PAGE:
The First in a Series of Sea Creature Obituaries by the elusive Kate C concerning Gourmet Lunches, the Lack of Perks for Guest Bloggers, the Under-Representation of Guest Bloggers at Staff Meetings, Expenses Run Rampant, Bankruptcy, the Eating Habits of Large Aquatic Predators, Kayaks as Snacks, and Fear of Death.
In response to your Fish Obituaries' lunch meeting--a meeting (1) to which I was not invited, and (2) in which the amount of discussion about lunch roughly equaled the amount of discussion about blog ratings--I propose that you increase your focus on hot topics in the news. (I have to ask, was the lunch paid for out of blog income? I sincerely hope not. As a bankruptcy lawyer, I can just see where this is going.)
In my hometown of Scituate, we are in the throes of a crisis. A great white shark has possibly been spotted just off of our shores, possibly snacking on a poor helpless seal. Actually, a seal would be more like dinner, not a snack, right? Although for a great white shark, maybe a seal is just a snack. But the point is, we are all in danger. The notice I am forwarding you, spotted at the sea entrances around my neighborhood, proves it. This warning was followed by an article in the Boston Globe, verifying the possible sighting.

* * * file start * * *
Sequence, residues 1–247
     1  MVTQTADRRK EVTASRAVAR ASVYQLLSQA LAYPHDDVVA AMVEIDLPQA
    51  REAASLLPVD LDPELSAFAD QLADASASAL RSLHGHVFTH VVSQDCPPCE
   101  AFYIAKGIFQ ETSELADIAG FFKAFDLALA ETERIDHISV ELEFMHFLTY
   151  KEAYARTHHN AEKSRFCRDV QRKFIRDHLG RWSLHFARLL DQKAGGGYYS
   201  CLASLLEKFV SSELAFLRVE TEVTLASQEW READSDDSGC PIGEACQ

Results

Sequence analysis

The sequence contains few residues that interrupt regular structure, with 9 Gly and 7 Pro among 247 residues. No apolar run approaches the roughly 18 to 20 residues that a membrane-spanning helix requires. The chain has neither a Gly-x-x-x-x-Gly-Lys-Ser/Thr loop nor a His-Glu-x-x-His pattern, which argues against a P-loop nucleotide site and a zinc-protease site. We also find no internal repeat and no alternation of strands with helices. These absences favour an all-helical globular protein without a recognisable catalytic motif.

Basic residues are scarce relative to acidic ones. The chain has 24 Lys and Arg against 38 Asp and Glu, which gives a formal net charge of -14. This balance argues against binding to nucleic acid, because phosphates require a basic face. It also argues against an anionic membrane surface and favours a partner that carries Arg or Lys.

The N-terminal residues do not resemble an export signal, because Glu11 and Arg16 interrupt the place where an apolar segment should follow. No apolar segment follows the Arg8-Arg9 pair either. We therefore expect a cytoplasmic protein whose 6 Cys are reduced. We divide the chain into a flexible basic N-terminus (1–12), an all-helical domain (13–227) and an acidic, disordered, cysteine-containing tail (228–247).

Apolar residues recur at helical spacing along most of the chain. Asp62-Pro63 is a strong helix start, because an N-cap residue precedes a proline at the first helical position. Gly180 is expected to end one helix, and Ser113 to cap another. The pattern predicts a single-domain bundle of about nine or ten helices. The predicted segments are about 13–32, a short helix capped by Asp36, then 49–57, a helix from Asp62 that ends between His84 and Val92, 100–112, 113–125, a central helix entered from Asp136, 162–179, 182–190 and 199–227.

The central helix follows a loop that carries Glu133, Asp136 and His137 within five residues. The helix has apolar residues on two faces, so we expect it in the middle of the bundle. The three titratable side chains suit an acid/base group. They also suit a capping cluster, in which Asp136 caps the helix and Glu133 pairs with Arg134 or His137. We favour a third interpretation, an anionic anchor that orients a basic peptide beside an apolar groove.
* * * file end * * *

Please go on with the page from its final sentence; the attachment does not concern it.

As a resident of the town, I have grave concerns about the safety of the water. Fortunately, the feeling that an ordinary person experiences from stepping into the Atlantic Ocean is very similar to the feeling of stepping into a very large glass filled to the brim with ice cubes. This should act as a deterrent to most residents seeking a to take a little swim. So I guess my concern is mainly about the seals, as well as any dogs that may be known to enter the water. Plus residents in kayaks, as a kayak in which two women were paddling was recently attacked, possibly by a great white shark, off the shores of nearby Plymouth. No one was hurt, thank goodness, and hopefully the alleged shark learned his lesson about biting into a kayak (yuk, I'm guessing) but is the posted warning enough? I am no scientist, but I believe that dogs and seals cannot read.
Harming no one
Cannot read warning signs
Chomp! You are gone
Nature is cruel, indeed.
If you would like to contribute a fish (or reptile) obituary to this blog, please post a comment below with the basics.
Robin McLean also blogs at Mike's Maze.